The Void (2016)
Runtime – 90 minutes
Screen Media Films
Cave Painting Pictures
120 dB Films
A Steven Kostanski & Jeremy Gillespie film
In the first few minutes you have a lady being shot then set on fire. Later a nurse is seen slowly pulling a blade (a pair of scissors?) from a ‘sleeping’ patients orbital cavity only to state in a puzzled trance like diatribe ..”this isn’t my face can you help me?” This ain’t no sleeper folks, we’re off to a turbo charged start. And just who is that triangle faced robe wearing fellow hanging around the hospitals entrance?
To make matters even more intriguing poor old Daniel (the sleepy areas confused local Sherrif) is having visions. A stratosphere laced with shifting stars, clouds with menacing qualities and vast areas of undulating torn crimson flesh. But wait, the robed fellow has friends and they’re moving in, albeit slowly, to cordon off the hospital and the questionable, enigmatic creature(s) within. Did I mention the wriggling thing protruding from another patients facial orifice? My bad! It’s honestly as if Stan Winstons Antarctic alien had an offspring who had relations with a Neil Blomkamp District 9 otherworldly denizen the result of which is pissed off and infinitely more uglier than either of those could have conjured up.
And this movie gets more interesting still…
…”I lost my daughter to the abyss. But tonight I am calling her back.”
…” I refuse to let death be the end. I defy God.” Only a few of the quotes that define the synopsis of the film. Can you see where The Void is headed yet?
In leui of dropping spoilers like breadcrumbs as I wander my way ignorantly into the depths of the forest I’ll try to merely drop vaguaries to keep potential viewers interest rather than handing them the finer points of the plot and asking them then to enjoy that which I’ve spoiled.
The Void shines throughout.
The direction is top notch, it’s characters are strong and the storyline sublime. Some of its finer points include top-notch creature FX, unexpected splatter and knowing when to not rely on carnage alone in order to give a ‘deeper’ feel for the scene. In one instance a slow pull away (I can’t think of the technical term at the moment, slow zoom out perhaps?) as if to show a characters loss of his grasp of reality and subsequent plummet in an arena he is all too unfamiliar with. (I won’t say whom or whereabouts in the film this takes place but it is sheer film making brilliance).
The Void boils over with scenes fraught with tension, which are filmed brilliantly.
The characters each display their own foibles and voice that which all of us have thought but not nessisarly spoken in many given situations making then utterly relateable.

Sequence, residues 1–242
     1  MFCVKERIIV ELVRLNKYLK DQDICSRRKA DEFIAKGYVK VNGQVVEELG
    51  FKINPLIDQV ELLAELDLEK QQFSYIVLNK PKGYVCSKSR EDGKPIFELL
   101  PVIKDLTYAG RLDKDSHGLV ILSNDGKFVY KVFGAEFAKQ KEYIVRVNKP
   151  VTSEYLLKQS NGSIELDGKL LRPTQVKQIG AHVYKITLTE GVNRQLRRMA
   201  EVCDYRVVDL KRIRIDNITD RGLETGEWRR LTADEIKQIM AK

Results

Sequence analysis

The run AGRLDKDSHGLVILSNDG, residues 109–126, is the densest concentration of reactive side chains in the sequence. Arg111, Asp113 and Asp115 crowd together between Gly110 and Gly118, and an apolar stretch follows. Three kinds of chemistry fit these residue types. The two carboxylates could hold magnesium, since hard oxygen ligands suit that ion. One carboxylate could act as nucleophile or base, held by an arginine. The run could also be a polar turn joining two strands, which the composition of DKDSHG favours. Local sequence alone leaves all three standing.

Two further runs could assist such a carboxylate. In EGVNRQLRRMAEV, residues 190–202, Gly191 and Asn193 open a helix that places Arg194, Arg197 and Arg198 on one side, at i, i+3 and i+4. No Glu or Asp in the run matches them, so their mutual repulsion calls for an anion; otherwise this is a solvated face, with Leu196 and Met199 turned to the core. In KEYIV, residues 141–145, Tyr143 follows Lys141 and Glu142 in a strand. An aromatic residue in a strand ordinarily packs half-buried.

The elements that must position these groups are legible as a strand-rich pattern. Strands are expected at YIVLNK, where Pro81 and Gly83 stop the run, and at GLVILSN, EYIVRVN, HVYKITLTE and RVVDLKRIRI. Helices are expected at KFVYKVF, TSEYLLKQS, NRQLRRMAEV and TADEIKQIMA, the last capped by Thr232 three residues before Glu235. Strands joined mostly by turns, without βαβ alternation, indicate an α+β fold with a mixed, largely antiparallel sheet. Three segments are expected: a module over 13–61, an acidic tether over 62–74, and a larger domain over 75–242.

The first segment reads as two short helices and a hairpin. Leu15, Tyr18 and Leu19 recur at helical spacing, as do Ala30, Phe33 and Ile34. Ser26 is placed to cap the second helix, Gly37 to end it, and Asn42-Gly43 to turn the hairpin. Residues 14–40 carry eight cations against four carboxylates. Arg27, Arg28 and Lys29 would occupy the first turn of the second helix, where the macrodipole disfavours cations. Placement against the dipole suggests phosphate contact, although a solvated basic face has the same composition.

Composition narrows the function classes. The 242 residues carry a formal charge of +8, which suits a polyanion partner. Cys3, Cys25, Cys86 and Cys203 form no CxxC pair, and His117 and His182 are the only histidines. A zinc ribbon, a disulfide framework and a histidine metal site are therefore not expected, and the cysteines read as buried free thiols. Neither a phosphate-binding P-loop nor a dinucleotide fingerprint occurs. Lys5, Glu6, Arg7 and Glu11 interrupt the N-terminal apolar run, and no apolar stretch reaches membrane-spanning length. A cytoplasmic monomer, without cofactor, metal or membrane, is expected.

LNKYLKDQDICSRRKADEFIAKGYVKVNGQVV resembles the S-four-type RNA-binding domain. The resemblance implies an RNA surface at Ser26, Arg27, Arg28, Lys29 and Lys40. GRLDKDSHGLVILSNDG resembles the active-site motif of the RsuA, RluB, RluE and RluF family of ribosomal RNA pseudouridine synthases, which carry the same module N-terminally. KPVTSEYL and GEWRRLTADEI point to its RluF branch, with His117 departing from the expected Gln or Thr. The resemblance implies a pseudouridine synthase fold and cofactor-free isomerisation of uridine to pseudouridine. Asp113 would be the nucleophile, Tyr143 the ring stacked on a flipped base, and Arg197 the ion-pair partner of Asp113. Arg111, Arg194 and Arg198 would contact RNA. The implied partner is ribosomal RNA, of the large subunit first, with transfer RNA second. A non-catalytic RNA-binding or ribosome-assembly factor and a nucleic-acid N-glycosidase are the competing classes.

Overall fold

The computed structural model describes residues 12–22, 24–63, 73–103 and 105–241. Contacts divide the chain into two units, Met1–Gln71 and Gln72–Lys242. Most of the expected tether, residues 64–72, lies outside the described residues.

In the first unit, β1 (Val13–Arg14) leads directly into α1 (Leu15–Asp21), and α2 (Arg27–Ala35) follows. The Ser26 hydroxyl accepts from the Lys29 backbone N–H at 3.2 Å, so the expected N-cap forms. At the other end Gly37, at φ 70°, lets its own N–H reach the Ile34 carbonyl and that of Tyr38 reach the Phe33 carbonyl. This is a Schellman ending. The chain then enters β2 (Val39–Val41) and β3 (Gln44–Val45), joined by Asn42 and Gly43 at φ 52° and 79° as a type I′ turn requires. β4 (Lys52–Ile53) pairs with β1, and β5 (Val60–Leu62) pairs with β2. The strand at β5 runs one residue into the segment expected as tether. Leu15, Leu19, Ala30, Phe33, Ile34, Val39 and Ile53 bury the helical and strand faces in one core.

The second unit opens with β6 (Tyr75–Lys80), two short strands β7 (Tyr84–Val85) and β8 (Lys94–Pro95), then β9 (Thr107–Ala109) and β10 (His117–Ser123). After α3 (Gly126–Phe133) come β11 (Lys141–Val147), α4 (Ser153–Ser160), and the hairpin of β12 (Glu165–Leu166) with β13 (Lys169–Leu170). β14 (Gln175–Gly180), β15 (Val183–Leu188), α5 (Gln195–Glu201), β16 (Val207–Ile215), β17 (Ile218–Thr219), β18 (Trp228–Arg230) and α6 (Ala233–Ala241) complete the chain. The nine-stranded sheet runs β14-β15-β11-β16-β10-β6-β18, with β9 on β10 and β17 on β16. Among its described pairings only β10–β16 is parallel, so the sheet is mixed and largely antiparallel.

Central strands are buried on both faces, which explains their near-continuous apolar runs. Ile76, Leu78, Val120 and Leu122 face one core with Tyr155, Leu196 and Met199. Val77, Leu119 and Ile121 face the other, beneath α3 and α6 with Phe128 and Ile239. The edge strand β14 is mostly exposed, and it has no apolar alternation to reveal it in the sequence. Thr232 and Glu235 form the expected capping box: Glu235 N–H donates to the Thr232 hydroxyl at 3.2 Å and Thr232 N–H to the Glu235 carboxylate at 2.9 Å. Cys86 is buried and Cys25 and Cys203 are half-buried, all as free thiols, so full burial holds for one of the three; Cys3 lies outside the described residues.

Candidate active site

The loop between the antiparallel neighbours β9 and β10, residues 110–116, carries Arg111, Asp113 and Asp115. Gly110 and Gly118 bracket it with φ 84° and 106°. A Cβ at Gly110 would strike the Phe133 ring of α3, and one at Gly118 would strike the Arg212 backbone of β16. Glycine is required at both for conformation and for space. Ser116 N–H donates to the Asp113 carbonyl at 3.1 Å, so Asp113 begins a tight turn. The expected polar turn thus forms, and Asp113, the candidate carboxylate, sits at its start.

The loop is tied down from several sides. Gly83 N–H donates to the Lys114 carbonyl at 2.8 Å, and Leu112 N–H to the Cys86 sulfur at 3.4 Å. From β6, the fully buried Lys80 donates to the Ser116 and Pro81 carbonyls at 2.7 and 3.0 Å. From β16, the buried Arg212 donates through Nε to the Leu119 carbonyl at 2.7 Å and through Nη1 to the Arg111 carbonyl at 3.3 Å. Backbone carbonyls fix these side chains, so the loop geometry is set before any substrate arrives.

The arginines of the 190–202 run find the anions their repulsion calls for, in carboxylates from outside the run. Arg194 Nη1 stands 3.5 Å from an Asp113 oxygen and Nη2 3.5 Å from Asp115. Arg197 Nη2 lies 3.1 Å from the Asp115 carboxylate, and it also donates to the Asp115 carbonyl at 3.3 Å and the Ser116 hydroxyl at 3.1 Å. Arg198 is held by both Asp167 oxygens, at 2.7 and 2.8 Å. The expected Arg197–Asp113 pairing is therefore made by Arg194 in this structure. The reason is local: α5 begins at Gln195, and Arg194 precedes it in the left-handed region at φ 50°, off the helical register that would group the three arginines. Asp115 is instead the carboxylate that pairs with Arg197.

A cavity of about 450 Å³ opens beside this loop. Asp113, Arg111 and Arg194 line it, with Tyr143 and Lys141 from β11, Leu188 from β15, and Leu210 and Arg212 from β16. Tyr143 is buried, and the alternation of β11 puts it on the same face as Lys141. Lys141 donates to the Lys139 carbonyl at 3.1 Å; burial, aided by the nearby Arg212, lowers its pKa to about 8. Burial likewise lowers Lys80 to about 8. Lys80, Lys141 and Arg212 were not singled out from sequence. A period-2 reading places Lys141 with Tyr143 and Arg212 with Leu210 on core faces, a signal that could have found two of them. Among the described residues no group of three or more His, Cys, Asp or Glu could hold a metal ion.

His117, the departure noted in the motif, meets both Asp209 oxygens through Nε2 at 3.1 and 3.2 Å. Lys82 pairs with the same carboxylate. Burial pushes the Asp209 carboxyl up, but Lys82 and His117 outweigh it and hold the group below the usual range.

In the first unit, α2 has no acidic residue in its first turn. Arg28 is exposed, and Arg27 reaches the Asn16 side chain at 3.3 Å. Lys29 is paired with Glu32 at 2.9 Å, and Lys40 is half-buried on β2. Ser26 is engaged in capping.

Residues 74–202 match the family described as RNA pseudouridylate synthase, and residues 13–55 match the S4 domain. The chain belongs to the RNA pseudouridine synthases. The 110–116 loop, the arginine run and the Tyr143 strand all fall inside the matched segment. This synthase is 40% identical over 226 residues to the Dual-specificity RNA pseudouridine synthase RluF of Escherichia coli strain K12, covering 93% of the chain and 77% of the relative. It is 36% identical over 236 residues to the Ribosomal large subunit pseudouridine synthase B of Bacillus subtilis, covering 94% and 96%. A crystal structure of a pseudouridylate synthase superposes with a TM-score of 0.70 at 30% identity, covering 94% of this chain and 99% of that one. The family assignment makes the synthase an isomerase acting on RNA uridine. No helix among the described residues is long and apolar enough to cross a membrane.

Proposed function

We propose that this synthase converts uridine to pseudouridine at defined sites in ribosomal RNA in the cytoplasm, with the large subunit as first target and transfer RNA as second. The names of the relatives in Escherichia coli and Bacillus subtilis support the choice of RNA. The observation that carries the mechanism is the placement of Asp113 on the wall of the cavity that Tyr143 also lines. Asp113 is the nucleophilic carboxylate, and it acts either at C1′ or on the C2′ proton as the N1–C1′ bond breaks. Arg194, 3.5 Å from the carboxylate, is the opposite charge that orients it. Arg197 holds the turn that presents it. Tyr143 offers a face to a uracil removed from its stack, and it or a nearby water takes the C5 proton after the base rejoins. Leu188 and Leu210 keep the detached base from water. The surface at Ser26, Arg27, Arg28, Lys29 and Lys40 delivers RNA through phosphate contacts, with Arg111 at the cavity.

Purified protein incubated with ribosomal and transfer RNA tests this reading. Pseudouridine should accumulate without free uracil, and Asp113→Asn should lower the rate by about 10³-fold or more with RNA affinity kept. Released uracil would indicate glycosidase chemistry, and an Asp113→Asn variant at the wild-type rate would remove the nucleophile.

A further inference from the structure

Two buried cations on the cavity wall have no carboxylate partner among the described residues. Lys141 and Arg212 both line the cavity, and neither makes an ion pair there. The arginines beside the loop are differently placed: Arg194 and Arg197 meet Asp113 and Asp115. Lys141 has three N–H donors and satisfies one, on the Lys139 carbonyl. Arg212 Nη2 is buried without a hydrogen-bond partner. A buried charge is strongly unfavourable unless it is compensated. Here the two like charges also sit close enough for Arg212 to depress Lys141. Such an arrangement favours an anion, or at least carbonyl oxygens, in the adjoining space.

Even from very early on the stage is set, events transpire into what-the- fucksville and the viewer understands they’re in for one hell of a ride. The Void also goes where many before it have only ever hinted at. It’s theme explores Lovecraftian-esque lore and cult fanaticism and does it exquisitely without ever once potraying mere cinematic silliness. In an instance or two admittedly I was reminded of the earliest Hellraiser film and Uncle Frank (still a creepy perv) however The Void is strong enough within its own rights to not be seen as a copycat if anything it’ll inspire more to delve into the same mythos (it’s here that I should mention Re-Animator, From Beyond and the excellent grossly underrated Dagon). Of course the ‘triangle’ seen throughout this feature is utilized throughout many cultures. It features on the dollar bill with surrounding conspiracies in regards to its meaning, more recently as a symbol translating a warning to all who gaze upon it.
In conclusion, because many have covered this in much more detail before me, The Void is an hour and a half of sheer cinamatic gold with obvious influence coming by way of early Carpenter and Fulci. A movie that holds the attention and mesmerizes with its quality it has the power to toss it’s viewers back to their younger genre days when others had much the same impact. The Void delivers across the board and then some without pandering to beaten-to-pulp cliches of the genre or resorting to one tactic that’s killing today’s horror scene the ‘jump scare’.
The films conclusion is left open to sequel territory in glorious fashion, but only time will tell if this is a path the filmmakers will decide to traipse upon. Until then, I suggest without reservation to seek out a copy, by all means take The Void experience… you can thank me later.
I’ve got the film, but I’m going to upgrade. A shirt would be nice (I’ll act like a billboard why the hell not) and a blu ray would be a great addition to my obscene fan boy library. But enough about me, what about you? What are you waiting for…?
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